For Turner, it all comes back to comprehending the factors affecting the market and acting accordingly.
“Hope is not a risk management strategy. A producer might say he’s waiting for a certain price and when I ask him why he’s doing that he’s not sure, but that’s just the price he has to get. Know your cost of production first, and then talk about what price you really need.”
Dare to stream
Depending on those needs, one option gaining some interest among canola growers is the canola streaming contract offered exclusively by Regina-based Input Capital.
“A canola streaming contract is a multi‐year, prepaid delivery agreement with variable or fixed pricing to sell canola to Input Capital,” says Gord Nystuen, vice-president, market development.
As Nystuen explains, unlike delivery contracts from traditional companies, streaming contracts pay the farmer in advance, often before the crop is even seeded. In addition to locking in price and volume, the streaming contract pays a substantial portion of the contract value – up to 50 per cent – to the farmer at the time of signing.
Input Capital takes on the price and basis risk for the canola contracted. If canola prices exceed a predetermined rate in a crop year, anything above that is shared equally between the company and the client.
“Effectively, a streaming contract eliminates downside while leaving a farmer with a healthy exposure to rising prices, nicely aligning the farmer’s interests with those of Input Capital,” says Nystuen. “Many growers who struggle to capture a solid price on a consistent basis come looking for variable price contracts, largely because of our pricing expertise. Since we have several clients marketing many tons with us, we can start putting a pricing program together before farmers have even planted an acre.”
To do so, they employ a variety of marketing tools including basis contracts, calls and puts, and long and short positions on canola. While they don’t promise miracles, they take a long-term approach and aim for a “good solid price.”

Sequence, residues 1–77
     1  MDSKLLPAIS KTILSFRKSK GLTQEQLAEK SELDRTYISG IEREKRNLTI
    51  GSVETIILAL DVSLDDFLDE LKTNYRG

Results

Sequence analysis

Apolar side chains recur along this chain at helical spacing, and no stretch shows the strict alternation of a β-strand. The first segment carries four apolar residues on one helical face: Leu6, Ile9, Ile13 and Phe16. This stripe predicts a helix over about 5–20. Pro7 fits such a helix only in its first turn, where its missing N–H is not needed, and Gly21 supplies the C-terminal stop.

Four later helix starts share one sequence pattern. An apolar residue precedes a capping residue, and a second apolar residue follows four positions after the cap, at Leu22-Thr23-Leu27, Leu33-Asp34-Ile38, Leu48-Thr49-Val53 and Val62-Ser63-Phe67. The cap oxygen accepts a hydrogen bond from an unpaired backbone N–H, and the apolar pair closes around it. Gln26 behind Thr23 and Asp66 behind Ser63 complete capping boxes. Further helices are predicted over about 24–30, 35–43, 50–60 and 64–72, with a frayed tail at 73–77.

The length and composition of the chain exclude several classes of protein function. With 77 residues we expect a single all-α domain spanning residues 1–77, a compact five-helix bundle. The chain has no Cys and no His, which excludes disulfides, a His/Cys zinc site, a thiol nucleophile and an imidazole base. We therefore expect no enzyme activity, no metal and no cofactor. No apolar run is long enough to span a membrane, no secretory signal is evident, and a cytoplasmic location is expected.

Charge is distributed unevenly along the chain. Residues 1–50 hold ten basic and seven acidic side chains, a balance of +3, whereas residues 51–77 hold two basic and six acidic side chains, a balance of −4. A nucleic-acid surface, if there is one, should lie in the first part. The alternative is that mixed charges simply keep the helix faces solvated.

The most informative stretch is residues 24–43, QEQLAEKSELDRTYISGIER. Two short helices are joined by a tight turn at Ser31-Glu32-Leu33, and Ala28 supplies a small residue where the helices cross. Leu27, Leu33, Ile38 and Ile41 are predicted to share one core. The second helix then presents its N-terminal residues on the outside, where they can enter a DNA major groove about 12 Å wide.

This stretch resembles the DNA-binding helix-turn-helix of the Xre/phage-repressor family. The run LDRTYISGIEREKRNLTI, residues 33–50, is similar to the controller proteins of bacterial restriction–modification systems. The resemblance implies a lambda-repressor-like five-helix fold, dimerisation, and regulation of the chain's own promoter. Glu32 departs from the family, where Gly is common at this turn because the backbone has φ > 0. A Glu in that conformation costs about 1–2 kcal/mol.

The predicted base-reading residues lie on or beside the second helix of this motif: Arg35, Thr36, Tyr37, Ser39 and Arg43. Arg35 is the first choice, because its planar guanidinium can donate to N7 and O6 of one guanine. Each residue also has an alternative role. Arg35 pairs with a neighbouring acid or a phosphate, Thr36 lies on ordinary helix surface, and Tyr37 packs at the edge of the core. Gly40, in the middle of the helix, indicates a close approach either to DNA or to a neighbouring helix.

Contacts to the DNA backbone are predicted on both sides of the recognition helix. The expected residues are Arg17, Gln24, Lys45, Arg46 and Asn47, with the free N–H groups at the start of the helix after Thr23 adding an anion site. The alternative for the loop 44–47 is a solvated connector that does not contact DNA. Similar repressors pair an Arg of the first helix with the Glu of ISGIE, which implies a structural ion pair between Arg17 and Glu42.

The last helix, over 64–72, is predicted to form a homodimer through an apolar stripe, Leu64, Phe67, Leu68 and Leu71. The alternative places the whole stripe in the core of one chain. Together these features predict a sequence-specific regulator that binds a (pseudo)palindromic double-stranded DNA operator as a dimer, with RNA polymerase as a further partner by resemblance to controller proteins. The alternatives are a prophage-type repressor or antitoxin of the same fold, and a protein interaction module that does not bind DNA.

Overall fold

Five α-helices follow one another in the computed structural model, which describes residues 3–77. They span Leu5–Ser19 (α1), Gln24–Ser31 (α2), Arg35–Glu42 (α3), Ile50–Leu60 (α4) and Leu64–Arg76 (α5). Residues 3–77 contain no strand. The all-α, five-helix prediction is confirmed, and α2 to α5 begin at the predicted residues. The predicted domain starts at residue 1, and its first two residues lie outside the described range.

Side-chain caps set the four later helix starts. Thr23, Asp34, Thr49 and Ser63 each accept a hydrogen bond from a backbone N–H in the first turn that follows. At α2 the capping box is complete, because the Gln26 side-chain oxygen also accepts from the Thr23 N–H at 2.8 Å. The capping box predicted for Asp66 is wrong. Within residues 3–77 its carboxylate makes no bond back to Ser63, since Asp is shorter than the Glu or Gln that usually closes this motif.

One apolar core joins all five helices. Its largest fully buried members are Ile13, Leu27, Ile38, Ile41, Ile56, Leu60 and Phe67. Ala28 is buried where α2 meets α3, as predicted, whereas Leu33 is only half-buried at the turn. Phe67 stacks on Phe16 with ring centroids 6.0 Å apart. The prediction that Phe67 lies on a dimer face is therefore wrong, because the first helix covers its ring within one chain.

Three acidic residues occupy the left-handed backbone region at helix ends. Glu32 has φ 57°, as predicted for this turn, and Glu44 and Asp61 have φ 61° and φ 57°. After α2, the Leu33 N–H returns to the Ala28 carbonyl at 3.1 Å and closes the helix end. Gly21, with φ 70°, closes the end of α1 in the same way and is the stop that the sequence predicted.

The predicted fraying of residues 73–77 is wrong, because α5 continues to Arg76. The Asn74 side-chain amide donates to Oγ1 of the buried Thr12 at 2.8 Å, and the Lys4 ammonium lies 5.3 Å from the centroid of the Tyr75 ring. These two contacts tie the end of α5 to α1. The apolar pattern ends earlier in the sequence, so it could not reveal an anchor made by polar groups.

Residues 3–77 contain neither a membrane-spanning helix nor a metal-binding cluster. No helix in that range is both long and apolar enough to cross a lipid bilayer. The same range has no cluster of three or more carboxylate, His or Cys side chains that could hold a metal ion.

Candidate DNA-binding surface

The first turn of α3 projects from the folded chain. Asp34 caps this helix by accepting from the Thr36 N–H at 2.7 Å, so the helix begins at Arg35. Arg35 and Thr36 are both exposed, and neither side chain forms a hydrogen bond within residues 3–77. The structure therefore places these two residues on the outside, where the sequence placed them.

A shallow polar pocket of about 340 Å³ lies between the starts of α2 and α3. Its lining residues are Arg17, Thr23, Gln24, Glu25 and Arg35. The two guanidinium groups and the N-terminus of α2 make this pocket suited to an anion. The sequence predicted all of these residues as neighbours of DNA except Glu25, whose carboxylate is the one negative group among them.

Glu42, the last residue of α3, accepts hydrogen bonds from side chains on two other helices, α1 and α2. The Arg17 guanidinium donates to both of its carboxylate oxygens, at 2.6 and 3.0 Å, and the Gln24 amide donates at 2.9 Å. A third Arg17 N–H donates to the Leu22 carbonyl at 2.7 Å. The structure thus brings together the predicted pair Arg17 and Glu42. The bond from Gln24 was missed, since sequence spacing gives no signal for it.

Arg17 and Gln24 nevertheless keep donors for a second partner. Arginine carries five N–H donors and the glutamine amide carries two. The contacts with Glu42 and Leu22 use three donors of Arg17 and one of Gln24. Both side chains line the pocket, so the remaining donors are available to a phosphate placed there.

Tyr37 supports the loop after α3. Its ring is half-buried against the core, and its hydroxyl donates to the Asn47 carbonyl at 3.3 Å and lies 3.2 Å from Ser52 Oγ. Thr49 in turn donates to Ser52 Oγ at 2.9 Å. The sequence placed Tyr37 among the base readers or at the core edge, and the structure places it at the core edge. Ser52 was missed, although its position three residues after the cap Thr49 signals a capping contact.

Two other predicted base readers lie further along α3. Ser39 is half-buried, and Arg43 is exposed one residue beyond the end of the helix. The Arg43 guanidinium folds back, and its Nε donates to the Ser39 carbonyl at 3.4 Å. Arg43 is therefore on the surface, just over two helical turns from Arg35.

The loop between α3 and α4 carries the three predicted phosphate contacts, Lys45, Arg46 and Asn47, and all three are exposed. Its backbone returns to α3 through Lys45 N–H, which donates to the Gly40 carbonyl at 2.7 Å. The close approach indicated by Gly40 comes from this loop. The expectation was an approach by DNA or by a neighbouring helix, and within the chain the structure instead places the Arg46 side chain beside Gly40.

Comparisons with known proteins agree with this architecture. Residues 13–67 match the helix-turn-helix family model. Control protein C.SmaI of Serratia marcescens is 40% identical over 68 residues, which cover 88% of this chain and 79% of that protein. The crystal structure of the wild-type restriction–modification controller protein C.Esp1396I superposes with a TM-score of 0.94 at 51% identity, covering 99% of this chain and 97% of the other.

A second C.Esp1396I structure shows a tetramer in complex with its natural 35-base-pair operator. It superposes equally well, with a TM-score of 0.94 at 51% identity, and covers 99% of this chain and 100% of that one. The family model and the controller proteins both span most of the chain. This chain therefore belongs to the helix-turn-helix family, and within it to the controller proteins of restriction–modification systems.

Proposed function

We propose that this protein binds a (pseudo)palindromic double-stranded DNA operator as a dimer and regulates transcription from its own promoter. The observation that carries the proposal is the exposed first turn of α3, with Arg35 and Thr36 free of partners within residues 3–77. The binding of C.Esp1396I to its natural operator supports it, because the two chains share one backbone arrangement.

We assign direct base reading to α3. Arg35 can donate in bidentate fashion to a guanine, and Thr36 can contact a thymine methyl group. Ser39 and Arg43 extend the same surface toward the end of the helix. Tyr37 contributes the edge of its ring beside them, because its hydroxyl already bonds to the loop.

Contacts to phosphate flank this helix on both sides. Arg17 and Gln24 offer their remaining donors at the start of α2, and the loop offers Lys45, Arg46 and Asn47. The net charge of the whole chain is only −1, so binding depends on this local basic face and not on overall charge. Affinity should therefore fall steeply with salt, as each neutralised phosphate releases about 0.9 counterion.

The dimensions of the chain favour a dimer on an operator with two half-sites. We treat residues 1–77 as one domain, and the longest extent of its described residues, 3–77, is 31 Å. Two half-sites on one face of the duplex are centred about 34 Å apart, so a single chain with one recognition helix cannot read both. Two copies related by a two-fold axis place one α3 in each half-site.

“In any season we are trying to avoid the low prices in the fall; but it’s almost impossible to pick the high price without selling all of your grain on one day, and you never know what day that will be,” says Nystuen. “Our goal is to get as strong a basis across the portfolio as we can and then use other pricing options to build the best possible price for our growers.”
Losing interest in the banks
One such grower is Taylor Snyder in Glendon, Alta., who is in his second full year on canola streaming contracts.
“We were looking for a financing alternative to banks,” says Snyder. “I find finance companies are sometimes easier to deal with, especially one like Input Capital that understands our industry.”
Snyder describes the canola streaming contract as a “cash advance on steroids” because he can pay it back over five years and do it with grain rather than money.
“I’m literally hedging a portion of my crop for the next five years. They guarantee me a price and we share the profit if prices go higher. Granted, I may give away some profit, but Input absorbs the losses, and in this business, taking the full brunt of the downside can kill you a lot faster than sacrificing some upside.”
At present, Snyder has a third of his canola in the streaming contracts, which is generally the maximum allowed by the company. He likes the flexibility of the program in accommodating a range of circumstances.
“If you’re not too worried about money now you can take less up front and a higher price per bushel,” says Snyder. “Since we required funds, we took a higher percentage at the outset which reduced our bushel price, but it gave us the cash when we needed it most.”
Whatever your chosen marketing approach, education is critical.
“You must understand what’s happening in the market, how it affects you and what your options are,” says Turner. “There’s a real appetite for that knowledge, and rightly so. It can be hard to understand grain marketing at the ground level when we play at such a big-picture game.”
Given the stakes, it’s one game grain farmers can’t afford to lose.